It's no Miata, but this Jag was very nice looking:

There were also a couple of T-6s there. The T-6 is a lot like the Stearman in that they are readily available for a reasonable cost, and I would love to own one, but the maintenance and operation costs scare me away.

I caught the signature puff of smoke on engine start, but was a bit disappointed that I just missed a really cool burst of exhaust flame.

The flight back to Bolton was fun. I wanted to try getting some pix for Rick "Smoozer" Gray again, and with the low-level haze we had it was more photogenic to climb to 8,500' to get up into the clearer air. I interrupted my buddy Rick's airplane building again today and begged his assistance as in-flight phtographer in the hopes that having him shoot pictures while I concentrated on flying would result in a more successful shoot that last time. Smoozer was also taking pictures of my plane, so I'll post the results once I receive them. The descent back down through the valleys and canyons of the clouds was terrific fun, slaloming between the ever-building puffers like an Olympic downhill skier, except just a bit faster.


Photo by Rick Gray

The landing back at Bolton was ok with a nice, smooth touchdown, but there was a bit of a crosswind-induced swerve that I caught pretty quickly with a dose of corrective rudder.

Another great flying day, one hopefully that will only get better with a big win tonight against the Texas Longhorns. Go Bucks!!

Thursday, September 07, 2006

New review up on GamingNexus

Well, to be completely accurate, this one is a preview rather than a review. It's a subtle distinction in that there more than likely won't be a host of changes to the program between the 'Preview Build' and the 'Release Build,' but it's important to note nonetheless. (Is nonetheless one word or three??)

This one is a preview of the soon-to-be-released update to Microsoft Flight Simulator. I believe this will the the 10th version, so as you can imagine, it's a very polished piece of work. Frankly, to this day it boggles the mind to consider the incredible functionality you get for around $60. Technological miracles on a beer budget!

Here's the link, and pay particular attention to the italicized comments my editor always throws in:

As a bonus for my loyal readers, here's a tidbit not reported in the review (because I forgot, to be honest):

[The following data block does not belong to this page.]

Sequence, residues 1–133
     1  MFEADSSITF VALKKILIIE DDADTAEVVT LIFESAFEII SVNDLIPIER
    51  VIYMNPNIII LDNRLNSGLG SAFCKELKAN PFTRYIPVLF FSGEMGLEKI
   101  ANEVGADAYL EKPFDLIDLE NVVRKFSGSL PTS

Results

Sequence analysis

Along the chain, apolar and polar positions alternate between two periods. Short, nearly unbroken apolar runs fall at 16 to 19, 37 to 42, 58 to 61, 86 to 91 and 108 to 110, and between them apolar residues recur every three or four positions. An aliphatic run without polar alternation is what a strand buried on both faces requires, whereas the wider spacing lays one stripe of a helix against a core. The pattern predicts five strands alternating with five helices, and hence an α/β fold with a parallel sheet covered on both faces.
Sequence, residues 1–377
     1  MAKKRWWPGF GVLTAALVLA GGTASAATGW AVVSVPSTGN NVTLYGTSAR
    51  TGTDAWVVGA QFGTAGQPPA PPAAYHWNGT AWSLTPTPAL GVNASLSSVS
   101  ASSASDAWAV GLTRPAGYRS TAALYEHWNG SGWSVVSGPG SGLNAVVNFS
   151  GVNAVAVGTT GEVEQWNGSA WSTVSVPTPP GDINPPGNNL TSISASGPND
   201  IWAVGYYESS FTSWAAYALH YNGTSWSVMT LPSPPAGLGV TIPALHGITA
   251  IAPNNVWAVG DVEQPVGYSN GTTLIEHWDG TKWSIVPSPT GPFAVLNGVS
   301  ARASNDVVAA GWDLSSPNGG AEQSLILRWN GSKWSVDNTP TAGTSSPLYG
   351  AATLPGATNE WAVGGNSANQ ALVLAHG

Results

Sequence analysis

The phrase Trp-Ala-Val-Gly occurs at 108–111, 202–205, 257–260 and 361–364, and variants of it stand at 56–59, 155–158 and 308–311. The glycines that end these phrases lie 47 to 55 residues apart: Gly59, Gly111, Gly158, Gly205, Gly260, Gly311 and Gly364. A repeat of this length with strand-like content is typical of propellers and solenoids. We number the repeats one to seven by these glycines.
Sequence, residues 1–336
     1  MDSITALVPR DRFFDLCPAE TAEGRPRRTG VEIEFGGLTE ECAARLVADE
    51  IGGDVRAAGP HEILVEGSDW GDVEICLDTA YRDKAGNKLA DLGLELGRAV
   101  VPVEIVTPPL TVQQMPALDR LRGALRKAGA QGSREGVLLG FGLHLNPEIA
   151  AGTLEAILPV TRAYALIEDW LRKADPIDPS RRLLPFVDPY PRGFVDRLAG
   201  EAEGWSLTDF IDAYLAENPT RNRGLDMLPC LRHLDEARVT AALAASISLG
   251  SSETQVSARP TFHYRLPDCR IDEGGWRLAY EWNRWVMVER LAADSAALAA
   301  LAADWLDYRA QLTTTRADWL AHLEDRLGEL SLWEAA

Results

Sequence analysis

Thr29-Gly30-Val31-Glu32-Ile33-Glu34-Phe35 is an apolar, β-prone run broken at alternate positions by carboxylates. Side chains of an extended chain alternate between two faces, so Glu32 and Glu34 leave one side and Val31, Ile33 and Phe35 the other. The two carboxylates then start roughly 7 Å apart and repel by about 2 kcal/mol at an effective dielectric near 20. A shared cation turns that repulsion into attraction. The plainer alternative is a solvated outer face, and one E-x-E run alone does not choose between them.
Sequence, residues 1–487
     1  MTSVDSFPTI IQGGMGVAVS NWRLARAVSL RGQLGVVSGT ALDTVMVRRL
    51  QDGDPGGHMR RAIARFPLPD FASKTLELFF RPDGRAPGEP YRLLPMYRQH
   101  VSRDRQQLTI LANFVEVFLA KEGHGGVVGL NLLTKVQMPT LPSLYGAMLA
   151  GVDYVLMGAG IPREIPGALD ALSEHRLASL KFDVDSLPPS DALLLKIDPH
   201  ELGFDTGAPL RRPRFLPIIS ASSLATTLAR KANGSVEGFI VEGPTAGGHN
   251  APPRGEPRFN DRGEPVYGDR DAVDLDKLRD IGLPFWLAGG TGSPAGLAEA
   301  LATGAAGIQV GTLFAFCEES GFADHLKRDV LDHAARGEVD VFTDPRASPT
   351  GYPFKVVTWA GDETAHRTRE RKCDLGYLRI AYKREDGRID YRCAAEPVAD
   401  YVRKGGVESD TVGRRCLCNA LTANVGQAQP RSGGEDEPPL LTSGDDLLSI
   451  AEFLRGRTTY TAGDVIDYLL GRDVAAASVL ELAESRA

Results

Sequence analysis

One of the missions included in the new version is Red Bull Air Racing! I had really been looking forward to that, but I've found that I can't do it without crashing. That would probably be the case in real life, so it points to the accuracy of the sim, I suppose. That said, having watched Red Bull Air Racing on TV, it seems that the sim plane has a higher rolling intertia than the real planes. On TV, you see these guys throwing the plane into knife edge in less than a second, and pretty routinely stopping the roll at exactly 90 degrees before quickly snapping it back to level flight. In the sim, it is very hard to get the roll to stop that quickly, and I invariably over-roll to an attitude well past knife edge. Could be me, could be the sim, but in order to maintain some degree of self-esteem, I'm blaming the sim.

Monday, September 04, 2006

A quick out and back

The clouds finally lifted enough to get some flying in today. Not only that, the surface winds were just about nil, so for my first takeoff and landing in three weeks I wouldn't have to contend with a lot of wind.

I launched for Darke Co. at a little after 10am, and enjoyed a 175 knot cruise speed (or slightly more than 200mph for you landlubbers) at 2500 rpm. I had the AnywhereMap plugged in and working and although the weather was completely not-threatening, I saw the METAR blocks in action for the first time. These blocks are positioned over every weather reporting airport, and as long as they are all white I know that there is at least VFR ceilings and visibility. In theory I could simply head for an area of white squares when confronted by bad weather, but the blocks don't give any indication of wind speed so there's a bit more to it than just aiming for the white. To be 100% sure of the weather, I can click on a box with the stylus and it will bring up the full METAR text.

I had a good landing out at Darke Co. for a change, but I was using runway 9 rather than the dreaded 27 so that surely helped. There's just something about 27 that causes me fits on landing.

The landing back at Bolton was another good one, so perhaps a few weeks layoff acted as a tonic for the bouncy landing slump I was in before the unanticipated sojourn as a groundling. Still, I'd rather be flying than not, so I hope for some lasting nice weather so I can get that Cleveland trip in.

The King of Impulse Buying